This of course is predicated on the cultural heritage community coming to an agreement on open standards for 3D models and APIs for accessing these models and associated metadata. In this endeavor, I see myself as a consumer of 3D--not for my own research purposes, but as a technical developer building middleware for scholars to access the models to achieve their needs. In my role as a consumer, I hope to be able to steer the content producers and architects of 3D information systems onto a path that results in the greatest potential for reuse and synthesis.

Thursday, June 8, 2017

Updates to symbol/monogram pages in OCRE

I have just pushed some changes to symbol and monogram pages in OCRE, which are more broadly applied to Numishare. Up to this point, we have published several dozen late Roman monograms from RIC 10 and a small handful of Siscia Officina marks from RIC 8. The data underlying these symbols are in RDF, conforming to the Nomisma ontology and data model. The web pages displayed little more than a list of metadata about the symbol, but no further context. Altogether, these pages weren't particularly useful as scholarly tools.

Map of Marcian monogram 1

Following updates to Nomisma, I have implemented two new features on symbol pages:

  1. A map showing the distribution of mints and findspots (a heatmap layer showing all findspots and individual layers for finds and hoards). The geoJSON APIs in Nomisma were extended to support SPARQL queries for geographic data by passing a 'symbol' request parameter. See http://nomisma.org/apis#getMints, for example.
  2. A list of coin types that bear these symbols, with available images, when available. The list of types is downloadable as CSV, and the user can click a button to view the underlying SPARQL query, which could be copied, modified, and submitted directly to Nomisma's endpoint (see below).

Coin types that show Marcian monogram 1

Below is the SPARQL query for getting a list of types associated with a monogram, with some basic metadata:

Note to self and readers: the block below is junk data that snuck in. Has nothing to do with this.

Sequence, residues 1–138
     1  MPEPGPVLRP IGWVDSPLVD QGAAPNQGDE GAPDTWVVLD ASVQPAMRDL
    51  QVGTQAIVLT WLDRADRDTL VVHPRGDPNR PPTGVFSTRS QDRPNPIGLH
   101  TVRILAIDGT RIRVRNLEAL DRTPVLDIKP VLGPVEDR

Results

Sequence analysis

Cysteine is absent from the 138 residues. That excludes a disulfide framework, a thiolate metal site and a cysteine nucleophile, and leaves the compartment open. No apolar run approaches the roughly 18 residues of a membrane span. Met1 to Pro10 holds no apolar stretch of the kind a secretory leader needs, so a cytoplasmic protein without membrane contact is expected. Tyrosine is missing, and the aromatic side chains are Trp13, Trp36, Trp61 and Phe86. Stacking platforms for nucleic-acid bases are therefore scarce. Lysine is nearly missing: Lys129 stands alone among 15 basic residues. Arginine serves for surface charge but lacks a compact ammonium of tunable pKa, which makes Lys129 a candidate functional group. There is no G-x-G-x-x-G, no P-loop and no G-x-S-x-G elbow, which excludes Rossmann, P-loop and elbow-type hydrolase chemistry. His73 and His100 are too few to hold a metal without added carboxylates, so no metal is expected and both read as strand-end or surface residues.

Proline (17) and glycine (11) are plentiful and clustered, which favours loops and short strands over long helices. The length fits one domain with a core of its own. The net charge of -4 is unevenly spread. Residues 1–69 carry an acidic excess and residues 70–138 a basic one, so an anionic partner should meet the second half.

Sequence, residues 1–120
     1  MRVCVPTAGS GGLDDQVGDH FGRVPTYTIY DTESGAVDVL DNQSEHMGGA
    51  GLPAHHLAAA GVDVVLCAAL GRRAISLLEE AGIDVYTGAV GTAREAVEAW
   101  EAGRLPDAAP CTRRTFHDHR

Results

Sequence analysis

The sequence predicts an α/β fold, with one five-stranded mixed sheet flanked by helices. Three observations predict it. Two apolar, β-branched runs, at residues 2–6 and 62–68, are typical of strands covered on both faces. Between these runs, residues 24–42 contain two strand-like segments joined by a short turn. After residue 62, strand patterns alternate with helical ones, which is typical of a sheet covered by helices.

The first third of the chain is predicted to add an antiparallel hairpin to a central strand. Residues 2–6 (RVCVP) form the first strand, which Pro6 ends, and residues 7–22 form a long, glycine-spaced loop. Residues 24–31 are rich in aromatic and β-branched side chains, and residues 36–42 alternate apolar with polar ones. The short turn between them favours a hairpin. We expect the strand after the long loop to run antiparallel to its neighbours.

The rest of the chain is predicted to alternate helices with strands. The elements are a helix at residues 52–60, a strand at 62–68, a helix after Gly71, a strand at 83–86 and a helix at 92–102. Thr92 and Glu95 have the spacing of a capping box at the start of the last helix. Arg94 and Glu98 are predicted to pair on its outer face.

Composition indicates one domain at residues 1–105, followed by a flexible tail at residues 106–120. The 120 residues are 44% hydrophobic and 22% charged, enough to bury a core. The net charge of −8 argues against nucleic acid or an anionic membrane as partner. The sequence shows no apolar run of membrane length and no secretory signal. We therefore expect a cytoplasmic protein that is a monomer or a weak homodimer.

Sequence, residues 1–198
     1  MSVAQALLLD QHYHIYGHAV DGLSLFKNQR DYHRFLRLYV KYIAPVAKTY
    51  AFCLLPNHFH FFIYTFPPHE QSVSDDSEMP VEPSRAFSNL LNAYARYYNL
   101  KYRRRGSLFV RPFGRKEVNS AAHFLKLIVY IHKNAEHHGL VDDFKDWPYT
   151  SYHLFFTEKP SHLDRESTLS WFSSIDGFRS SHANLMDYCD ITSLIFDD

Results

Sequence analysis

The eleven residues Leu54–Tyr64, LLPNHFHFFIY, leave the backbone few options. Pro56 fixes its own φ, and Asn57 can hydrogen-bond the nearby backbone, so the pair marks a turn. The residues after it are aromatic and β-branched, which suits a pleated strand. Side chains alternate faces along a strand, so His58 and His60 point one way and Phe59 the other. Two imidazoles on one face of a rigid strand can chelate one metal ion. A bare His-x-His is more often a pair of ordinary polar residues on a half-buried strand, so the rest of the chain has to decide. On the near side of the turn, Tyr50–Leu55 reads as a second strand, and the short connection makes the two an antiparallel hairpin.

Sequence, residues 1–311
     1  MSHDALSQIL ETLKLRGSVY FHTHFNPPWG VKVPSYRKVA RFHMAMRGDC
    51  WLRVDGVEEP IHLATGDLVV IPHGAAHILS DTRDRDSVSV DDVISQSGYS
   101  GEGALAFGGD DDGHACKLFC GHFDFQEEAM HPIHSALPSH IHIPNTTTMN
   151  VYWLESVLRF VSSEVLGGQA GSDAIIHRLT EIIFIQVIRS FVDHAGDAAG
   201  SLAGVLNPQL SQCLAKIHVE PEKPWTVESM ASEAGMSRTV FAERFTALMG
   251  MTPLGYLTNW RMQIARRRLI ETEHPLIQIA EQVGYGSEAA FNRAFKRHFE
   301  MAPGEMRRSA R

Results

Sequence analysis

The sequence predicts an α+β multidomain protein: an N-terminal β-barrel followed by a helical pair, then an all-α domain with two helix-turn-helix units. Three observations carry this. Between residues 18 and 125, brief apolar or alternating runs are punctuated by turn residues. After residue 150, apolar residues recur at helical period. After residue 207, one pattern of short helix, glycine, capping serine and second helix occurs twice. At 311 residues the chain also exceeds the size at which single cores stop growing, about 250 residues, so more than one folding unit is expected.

SELECT ?type ?label ?startDate ?endDate ?mint ?mintLabel ?den ?denLabel WHERE {
    SELECT ?side WHERE {
     ?side nmo:hasMonogram <%URI%>
?type ?prop ?side
   MINUS {?type dcterms:isReplacedBy ?replaced}
   ?type a nmo:TypeSeriesItem ;
   skos:prefLabel ?label FILTER(langMatches(lang(?label), "en")) .
   OPTIONAL {?type nmo:hasStartDate ?startDate}
   OPTIONAL {?type nmo:hasEndDate ?endDate}
   OPTIONAL {?type nmo:hasMint ?mint . 
    ?mint skos:prefLabel ?mintLabel 
       FILTER(langMatches(lang(?mintLabel), "en"))}
   OPTIONAL {?type nmo:hasDenomination ?den . 
    ?den skos:prefLabel ?denLabel 
       FILTER(langMatches(lang(?denLabel), "en"))}

Since these features are now inherent to Numishare, they will be available for the enormous array of Greek monograms that will be published as part of the Hellenistic Royal Coinages project. I hope to have a prototype of a few monograms published in PELLA within the next few weeks.

As more and more Nomisma partners adopt IIIF, these monogram URIs will form a basis for image annotation, and eventually these symbol pages will use Open Annotation and IIIF APIs to display photographic examples of monograms, in addition to a print and web-ready idealized SVG renderings.

Friday, May 19, 2017

Nomisma measurement analysis interface ready for wider testing

I have been working on and off for the last month or two on a new quantitative analysis feature in Nomisma, which is available on pages for certain types of Concepts (that are associated with coin types that have been ingested into Nomisma) as well as on a new page, http://nomisma.org/research/metrical.

Much like the distribution analysis interface, the user can select multiple dataset groupings to compare for average weight or average diameter. Optionally, and like the existing features in OCRE, CRRO, and PELLA, the user can input a start date and end date and an interval of 5 or 10 years in order to visualize the change in average weights over time. The parameters established in the web form are used to query a web service, which interacts with Nomisma's SPARQL endpoint and serializes the response into JSON for visualization.

Average weight of denarius (red), aureus (yellow), and antoninianus (blue) from 100 BC to AD 300. See for yourself.